“I will also make you a light for the Gentiles, that my salvation may reach to the ends of the earth.” (Isaiah 49:6)
Even though precautions are taken, hospital staff run the risk of infertility, leukemia, cancer, birth defects and miscarriage through their exposure to hazardous substances used to treat patients.
Chemotherapy drugs and certain antiviral drugs are two examples. Simple contact with some of these can make a person very sick.
A recent study at Toronto’s Ryerson University, however, revealed that despite precautions to reduce this risk, treatment areas were found to retain the residue of anti-cancer drugs and other dangerous pharmaceuticals.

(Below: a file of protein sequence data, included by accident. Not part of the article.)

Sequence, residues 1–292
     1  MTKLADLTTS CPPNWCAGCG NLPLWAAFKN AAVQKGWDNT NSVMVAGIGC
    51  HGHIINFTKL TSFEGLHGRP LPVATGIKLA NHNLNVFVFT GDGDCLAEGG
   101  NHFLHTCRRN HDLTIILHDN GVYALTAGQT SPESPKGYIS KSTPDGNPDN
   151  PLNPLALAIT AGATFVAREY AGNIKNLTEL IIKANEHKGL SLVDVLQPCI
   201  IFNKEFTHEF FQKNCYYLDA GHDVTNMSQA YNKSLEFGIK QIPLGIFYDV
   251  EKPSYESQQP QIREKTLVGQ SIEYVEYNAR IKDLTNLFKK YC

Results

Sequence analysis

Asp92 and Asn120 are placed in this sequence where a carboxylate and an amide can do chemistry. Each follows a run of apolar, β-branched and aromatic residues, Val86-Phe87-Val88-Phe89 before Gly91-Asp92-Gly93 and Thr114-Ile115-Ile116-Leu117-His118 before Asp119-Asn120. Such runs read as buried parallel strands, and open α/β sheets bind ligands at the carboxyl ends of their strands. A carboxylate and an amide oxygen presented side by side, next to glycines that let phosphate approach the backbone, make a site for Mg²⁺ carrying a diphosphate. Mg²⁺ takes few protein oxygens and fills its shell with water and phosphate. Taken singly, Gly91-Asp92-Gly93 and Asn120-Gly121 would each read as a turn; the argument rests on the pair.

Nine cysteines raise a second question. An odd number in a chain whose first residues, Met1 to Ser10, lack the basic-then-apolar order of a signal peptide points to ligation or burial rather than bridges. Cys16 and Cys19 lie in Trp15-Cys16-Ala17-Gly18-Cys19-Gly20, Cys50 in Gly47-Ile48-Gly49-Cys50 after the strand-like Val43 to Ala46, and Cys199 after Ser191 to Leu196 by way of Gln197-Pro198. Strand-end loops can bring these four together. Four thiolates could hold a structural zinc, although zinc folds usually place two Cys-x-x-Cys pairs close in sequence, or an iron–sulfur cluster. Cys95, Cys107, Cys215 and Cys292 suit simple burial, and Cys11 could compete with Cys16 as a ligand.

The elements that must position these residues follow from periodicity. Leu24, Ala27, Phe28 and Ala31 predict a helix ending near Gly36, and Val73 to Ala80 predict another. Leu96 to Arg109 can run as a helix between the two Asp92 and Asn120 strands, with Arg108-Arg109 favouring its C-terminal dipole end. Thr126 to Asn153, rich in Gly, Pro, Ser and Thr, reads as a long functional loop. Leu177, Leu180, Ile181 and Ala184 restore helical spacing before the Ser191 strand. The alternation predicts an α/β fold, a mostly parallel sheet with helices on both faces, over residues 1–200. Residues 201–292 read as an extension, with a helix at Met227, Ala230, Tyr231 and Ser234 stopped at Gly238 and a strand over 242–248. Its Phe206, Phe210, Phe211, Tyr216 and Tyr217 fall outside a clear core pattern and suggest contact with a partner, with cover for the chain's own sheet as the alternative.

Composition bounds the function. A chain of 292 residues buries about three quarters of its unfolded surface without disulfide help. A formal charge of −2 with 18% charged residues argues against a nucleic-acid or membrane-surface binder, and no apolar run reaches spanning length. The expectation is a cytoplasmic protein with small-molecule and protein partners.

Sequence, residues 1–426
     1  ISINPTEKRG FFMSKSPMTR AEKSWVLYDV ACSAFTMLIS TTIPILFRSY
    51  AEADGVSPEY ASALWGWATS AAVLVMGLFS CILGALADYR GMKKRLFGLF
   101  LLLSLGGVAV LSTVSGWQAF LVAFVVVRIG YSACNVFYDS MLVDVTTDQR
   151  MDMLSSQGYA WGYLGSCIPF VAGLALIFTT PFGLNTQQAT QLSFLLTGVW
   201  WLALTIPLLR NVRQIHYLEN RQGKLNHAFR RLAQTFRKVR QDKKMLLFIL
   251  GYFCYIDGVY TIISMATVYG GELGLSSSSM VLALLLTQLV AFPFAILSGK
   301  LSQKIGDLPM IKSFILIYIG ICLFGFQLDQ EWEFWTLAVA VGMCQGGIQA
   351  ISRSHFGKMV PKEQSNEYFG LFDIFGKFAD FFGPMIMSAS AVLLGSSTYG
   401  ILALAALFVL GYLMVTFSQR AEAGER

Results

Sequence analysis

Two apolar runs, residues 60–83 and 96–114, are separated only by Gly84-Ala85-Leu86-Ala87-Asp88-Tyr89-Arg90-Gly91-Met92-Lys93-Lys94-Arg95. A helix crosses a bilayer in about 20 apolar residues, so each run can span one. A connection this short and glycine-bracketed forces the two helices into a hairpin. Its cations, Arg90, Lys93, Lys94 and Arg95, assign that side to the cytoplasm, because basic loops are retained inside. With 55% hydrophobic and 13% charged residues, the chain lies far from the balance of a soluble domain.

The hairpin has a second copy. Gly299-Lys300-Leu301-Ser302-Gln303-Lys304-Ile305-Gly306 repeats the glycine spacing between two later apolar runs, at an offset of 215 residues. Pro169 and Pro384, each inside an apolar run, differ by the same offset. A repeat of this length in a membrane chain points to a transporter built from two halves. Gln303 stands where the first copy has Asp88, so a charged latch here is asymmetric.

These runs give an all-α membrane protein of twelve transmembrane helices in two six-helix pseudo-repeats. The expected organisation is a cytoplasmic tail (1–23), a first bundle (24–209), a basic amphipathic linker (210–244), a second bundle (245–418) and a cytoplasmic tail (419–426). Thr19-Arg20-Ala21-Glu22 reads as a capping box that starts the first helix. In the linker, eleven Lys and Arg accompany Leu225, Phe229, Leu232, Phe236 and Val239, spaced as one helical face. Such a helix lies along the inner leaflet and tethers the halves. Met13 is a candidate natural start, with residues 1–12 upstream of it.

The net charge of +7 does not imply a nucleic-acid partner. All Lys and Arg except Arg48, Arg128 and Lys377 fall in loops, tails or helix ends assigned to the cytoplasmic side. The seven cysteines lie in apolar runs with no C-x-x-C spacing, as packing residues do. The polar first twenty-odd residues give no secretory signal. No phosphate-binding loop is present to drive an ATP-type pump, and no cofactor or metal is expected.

The study also found residues of these materials on the hospital workers themselves. Over one-fourth of nurses who attend to patients undergoing chemotherapy were found to have a residue of anticancer drugs on their skin.
To manage this serious risk, a special syringe has been developed by Equashield. This Israeli biotech company has developed Closed System Transfer Devices (CSTD) for hazardous drugs.
“The only way to avoid this [risk] is with a sterile transfer system that ensures that the medicine remains uncontaminated, as do workers, and our product helps accomplish this,” Equashield CEO Eric Shem-Tov said. (Times of Israel)
The CSTD is a user-friendly, air-tight syringe. Its two chambers prevent the buildup of excess pressure that can expel dangerous droplets or vapors. As a pre-assembled closed syringe, it is being hailed by the company as the safest on the market.
Equashield is now marketing an improved version of their CSTD called Equashield II, a breakthrough in medical occupational safety.